Delivering effective education during a shutdown: distance learning using video
In order to continue to teach students at a distance many teachers will be turning to video to help communicate key ideas. I am among them. Creating video content allows learning to continue independently. I want to be able to use any contact time that I have to answer questions and I am finding that getting students quiet while video conferencing can be a challenge once they have learned how to unmute themselves!
About 5 years ago I attended a day of CPD from Teachit Science on creating video. One of the sessions was by James Rolfe, who has been a regular speaker since then at ASE conferences. He talked to us about how using video to share instructions for practical activities rather than a demonstration or worksheet which has made a huge difference to the success of the students. After that session I set up a YouTube channel and have never looked back.
I find that making my own videos does have an impact on the responses of the students. I can make the resource bespoke, keeping it short and focused on the learning objective that I want to get across. Videos for first instruction benefit from containing less new information than those for revision. Much of the content already available is focused on revision.
There are various ways to create content. Clamping a mobile phone above a sheet of paper, or mini whiteboard, either using a pile of books (as pictured above) or by bringing home a clamp-stand from your lab. It is then possible to write on the paper as if you would be writing on a white board in school and share notes and information with students.
If you would rather not write, screen casting means that it is possible to talk over a PowerPoint presentation, or in fact, any application on your PC, tablet or mobile. A quick search on google will give some suggestions on how to do this. However, the app Loom is one that can be recommended, it works on desktops and mobile devices. I have used the in-built ability for iPads to screencast to film PhET animations while explaining them for my post-16 classes.
Both these methods require one take, so at first it is important to keep what you intend to say short. At first creating video content will take time, it doesn’t need to be perfect quality and both the quality and speed of what you produce increases as you create more content. Also, you do get used to hearing your own voice!
Adobe Spark video is a useful application, that allows you to speak over images and puts some music behind what you produce. It is easy to use and will allow key ideas to be communicated. It works on the web or an app on your smartphone or tablet.
If you want the ability to edit video you have taken on a camera, phone or tablet, then the Apple application iMovie is highly recommended. If I film myself giving instructions in small chunks, for example describing the equipment then describing each step in small video clips, then I use iMovie to stitch all the clips together. I will often add a voice over to it so that while demonstrating for the video I can concentrate on what I am doing then then think about how best to describe it afterwards.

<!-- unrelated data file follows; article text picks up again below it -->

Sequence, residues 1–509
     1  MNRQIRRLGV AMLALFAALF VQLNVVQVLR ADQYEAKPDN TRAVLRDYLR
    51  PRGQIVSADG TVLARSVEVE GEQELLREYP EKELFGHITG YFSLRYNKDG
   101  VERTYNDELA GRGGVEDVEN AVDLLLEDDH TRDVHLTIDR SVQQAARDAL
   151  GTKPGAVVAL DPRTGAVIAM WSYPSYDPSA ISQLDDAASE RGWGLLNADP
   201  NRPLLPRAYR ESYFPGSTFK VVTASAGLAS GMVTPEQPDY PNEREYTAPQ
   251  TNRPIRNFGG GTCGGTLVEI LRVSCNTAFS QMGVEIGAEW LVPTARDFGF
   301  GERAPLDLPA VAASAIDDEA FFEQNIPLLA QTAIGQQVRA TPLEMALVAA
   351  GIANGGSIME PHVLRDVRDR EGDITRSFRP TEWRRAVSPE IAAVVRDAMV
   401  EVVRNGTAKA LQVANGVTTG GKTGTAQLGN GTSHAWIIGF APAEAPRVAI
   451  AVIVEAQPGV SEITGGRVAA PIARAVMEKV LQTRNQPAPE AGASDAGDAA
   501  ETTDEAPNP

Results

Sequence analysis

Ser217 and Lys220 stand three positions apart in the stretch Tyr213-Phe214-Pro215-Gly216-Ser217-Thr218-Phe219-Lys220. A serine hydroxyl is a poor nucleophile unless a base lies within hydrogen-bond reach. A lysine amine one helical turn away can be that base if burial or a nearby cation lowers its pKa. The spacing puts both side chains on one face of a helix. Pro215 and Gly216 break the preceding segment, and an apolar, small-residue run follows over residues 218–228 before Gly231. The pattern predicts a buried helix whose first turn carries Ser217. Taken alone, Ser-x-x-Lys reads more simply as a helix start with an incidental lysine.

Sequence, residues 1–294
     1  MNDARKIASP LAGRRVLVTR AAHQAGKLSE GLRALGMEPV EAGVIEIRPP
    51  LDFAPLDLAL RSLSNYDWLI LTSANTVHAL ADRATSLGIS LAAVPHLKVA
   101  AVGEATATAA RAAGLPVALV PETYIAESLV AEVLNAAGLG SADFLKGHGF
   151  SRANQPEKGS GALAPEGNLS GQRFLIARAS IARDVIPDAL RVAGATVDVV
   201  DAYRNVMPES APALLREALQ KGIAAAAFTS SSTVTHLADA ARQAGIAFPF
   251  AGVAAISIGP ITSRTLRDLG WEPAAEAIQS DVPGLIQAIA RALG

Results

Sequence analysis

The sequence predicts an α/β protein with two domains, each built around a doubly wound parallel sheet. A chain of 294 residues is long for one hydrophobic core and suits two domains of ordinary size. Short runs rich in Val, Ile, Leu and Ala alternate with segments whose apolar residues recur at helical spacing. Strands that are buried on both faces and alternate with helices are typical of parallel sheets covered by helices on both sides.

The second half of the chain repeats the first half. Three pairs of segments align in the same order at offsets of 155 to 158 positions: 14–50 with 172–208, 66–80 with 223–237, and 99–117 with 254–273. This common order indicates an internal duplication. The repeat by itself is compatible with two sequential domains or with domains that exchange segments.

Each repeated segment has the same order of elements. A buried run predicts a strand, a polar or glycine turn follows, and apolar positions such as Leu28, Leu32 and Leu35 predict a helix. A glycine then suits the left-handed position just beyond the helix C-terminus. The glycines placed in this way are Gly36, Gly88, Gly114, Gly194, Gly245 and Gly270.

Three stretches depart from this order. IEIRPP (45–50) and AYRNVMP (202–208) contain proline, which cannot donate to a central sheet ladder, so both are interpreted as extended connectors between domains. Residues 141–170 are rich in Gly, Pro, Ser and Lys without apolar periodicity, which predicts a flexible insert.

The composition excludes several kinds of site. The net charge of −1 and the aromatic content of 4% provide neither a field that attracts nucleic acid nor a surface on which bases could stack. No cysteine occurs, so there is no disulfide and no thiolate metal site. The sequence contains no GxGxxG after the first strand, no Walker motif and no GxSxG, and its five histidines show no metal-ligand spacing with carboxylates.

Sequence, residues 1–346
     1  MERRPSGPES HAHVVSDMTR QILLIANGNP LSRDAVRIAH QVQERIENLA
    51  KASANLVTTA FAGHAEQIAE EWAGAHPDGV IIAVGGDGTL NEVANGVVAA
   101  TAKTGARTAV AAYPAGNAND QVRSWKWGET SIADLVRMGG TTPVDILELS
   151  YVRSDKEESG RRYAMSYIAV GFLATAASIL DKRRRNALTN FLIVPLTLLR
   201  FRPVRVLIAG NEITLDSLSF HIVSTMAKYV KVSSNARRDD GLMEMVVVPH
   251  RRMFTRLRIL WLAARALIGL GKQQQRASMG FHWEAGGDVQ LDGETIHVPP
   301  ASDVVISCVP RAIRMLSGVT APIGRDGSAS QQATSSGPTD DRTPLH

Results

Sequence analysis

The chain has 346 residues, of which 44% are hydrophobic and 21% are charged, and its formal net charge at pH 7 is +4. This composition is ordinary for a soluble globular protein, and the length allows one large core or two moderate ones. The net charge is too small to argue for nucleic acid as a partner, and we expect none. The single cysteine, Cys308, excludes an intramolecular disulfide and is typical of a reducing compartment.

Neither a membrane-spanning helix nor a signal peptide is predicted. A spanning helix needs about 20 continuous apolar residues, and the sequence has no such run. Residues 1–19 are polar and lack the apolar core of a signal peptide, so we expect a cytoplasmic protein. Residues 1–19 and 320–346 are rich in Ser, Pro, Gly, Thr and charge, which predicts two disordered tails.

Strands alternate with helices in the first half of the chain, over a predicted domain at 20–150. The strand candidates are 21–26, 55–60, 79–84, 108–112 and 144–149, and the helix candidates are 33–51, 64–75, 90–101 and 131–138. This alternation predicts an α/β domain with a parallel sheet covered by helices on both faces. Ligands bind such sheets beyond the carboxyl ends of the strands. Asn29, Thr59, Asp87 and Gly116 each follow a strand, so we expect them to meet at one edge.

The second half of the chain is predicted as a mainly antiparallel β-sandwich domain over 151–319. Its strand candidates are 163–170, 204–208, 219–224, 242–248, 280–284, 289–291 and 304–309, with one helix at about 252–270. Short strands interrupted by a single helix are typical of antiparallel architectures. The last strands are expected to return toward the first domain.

However, in the current climate, my favourite app for editing is ExplainEverything Edu. There is an app for the iPad, but it also works via the web. It takes a little while to get used to, but I find there is a great deal of flexibility in what it can do. It is possible to record live annotations which is useful for worked examples. Adding, removing and moving images as appropriate to the explanations and incorporating videos I have previously taken are all possible. It is worth persevering to get used to the power of the application.
Once content is created there is the issue of how to share it with students. Any social media channels that might be used (YouTube) should be cleared with senior leaders at the school as there could be child protection implications. My school uses office365 so our videos can be uploaded to Stream, which a video sharing web application part of the suite, or directly uploaded to the class Team. It is possible to share videos through Google Drive and Google Classroom.
For those not confident enough to create content then there are many great YouTube channels out there by teachers helping youngsters with revision, particularly aimed at key stage 4 and 5. I am recommending various videos to my students from channels such as Fuse School, Free Science Lessons, MaChemGuy, Primrose Kitten, Physics Online, Gorilla Physics, Step by Step Science, DrA physics, Malmesbury Education and Lamas Science.
Editor's Note: We have interviewed the people behind two of the channels listed above - Primrose Kitten and Physics Online - for a feature on YouTube education which will go live on the ASE website next week!